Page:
Tracker is known far and wide for his skills as a hunter: “He has a nose,” people say. Engaged to track down a mysterious boy who disappeared three years earlier, Tracker breaks his own rule of always working alone when he finds himself part of a group that comes together to search for the boy. The band is a hodgepodge, full of unusual characters with secrets of their own, including a shape-shifting man-animal known as Leopard.
As Tracker follows the boy’s scent—from one ancient city to another; into dense forests and across deep rivers—he and the band are set upon by creatures intent on destroying them. As he struggles to survive, Tracker starts to wonder: Who, really, is this boy? Why has he been missing for so long? Why do so many people want to keep Tracker from finding him? And perhaps the most important questions of all: Who is telling the truth, and who is lying?
Drawing from African history and mythology and his own rich imagination, Marlon James has written a saga of breathtaking adventure that’s also an ambitious, involving read. Defying categorization and full of unforgettable characters, Black Leopard, Red Wolf is both surprising and profound as it explores the fundamentals of truths, the limits of power, the excesses of ambition, and our need to understand them all.
approx. 620 pages
Out February 5, 2019
I received this book in exchange for my honest review.
This book…oh this book…arg…this book. How do I describe you?
Like a meandering nightmare filled with unrelatable violence, violence against women, lewd and crude behaviors and unforgivable acts of pleasurable violence with little explanation for all. Sure, there’s that.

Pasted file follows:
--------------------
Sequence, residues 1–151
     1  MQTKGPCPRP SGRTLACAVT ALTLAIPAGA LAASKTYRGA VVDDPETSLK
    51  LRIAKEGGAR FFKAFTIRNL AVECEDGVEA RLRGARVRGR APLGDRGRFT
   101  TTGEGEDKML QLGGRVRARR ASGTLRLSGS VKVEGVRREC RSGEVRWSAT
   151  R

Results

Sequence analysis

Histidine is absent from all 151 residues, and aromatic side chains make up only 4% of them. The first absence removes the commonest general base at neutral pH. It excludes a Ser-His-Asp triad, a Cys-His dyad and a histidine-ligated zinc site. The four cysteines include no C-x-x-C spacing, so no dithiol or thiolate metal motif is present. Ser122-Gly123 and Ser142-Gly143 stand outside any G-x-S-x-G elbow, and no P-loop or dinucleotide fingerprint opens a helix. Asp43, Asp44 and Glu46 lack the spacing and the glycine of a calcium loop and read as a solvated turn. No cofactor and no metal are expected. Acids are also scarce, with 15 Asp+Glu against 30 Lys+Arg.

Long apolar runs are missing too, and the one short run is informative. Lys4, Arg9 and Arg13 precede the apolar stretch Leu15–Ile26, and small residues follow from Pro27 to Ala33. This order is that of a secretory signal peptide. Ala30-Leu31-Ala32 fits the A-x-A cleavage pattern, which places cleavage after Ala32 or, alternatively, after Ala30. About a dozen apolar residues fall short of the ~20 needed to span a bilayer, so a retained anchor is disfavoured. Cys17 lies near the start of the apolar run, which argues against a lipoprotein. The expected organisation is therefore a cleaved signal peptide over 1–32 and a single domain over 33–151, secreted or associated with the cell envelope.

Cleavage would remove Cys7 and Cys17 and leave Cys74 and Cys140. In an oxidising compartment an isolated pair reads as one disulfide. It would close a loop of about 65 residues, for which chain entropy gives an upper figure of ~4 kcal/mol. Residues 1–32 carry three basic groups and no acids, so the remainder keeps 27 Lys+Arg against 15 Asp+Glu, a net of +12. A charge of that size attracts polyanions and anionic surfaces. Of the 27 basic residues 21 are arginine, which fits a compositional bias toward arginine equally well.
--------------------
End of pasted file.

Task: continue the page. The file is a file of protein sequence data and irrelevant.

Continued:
Now put that nightmare on drugs, being strung up by the fingernails over a raging pool of lava close enough to singe off the toe hairs… now you’re getting closer.
Add a pinch of melodrama and boisterous meaningless verbal diarrhea, then perhaps, you are close enough to envision this book.
No satisfaction came from reading this book. I felt the story was not validated in its content, nor justified in its bi-polarized flinging of intellect. Big deal, the crazy man can use big words, but can he actually write? Not if you ask me. The author writes with an assuming air of all-knowing that threatens sexism if that is possible and exploits the expectations of a man and how man will react in circumstances of the bizarre and freaky.
There was no justified reason for specifically disliking this book, there’s only a bad taste left over similar to something undigestible. It quivers and burns in your belly, flipping distastefully about as the words tangle and mesh together, until the concept sours completely in the gut of freak-out craziness, before flowing through the floodgates of profound absurdity towards the bowls of misconception, and Hell itself. How’s that for melodrama?
Twisted. That is a good way to describe this book. To think this man won awards for his writing… His scribblings are indicative of a man going through withdrawal, or verging on a complete and total mental breakdown. If this is what is prevalent in the writing world as talent, then the world of literacy is in danger of becoming the dumping grounds of literate junkies and mental fallouts.
Sorry, but this one… was just wrong. I can’t even recommend it without sticking a hazardous material sticker on it.
I gave it:
The gold star is for the cover. It was really pretty.